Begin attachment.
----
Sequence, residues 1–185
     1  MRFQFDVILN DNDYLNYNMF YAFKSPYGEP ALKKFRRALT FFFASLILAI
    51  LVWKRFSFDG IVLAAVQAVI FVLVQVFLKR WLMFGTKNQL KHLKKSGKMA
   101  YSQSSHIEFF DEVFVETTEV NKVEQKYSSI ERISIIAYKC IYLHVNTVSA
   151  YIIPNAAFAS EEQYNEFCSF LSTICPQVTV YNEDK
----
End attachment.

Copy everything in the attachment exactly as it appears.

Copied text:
Sequence, residues 1–185
     1  MRFQFDVILN DNDYLNYNMF YAFKSPYGEP ALKKFRRALT FFFASLILAI
    51  LVWKRFSFDG IVLAAVQAVI FVLVQVFLKR WLMFGTKNQL KHLKKSGKMA
   101  YSQSSHIEFF DEVFVETTEV NKVEQKYSSI ERISIIAYKC IYLHVNTVSA
   151  YIIPNAAFAS EEQYNEFCSF LSTICPQVTV YNEDK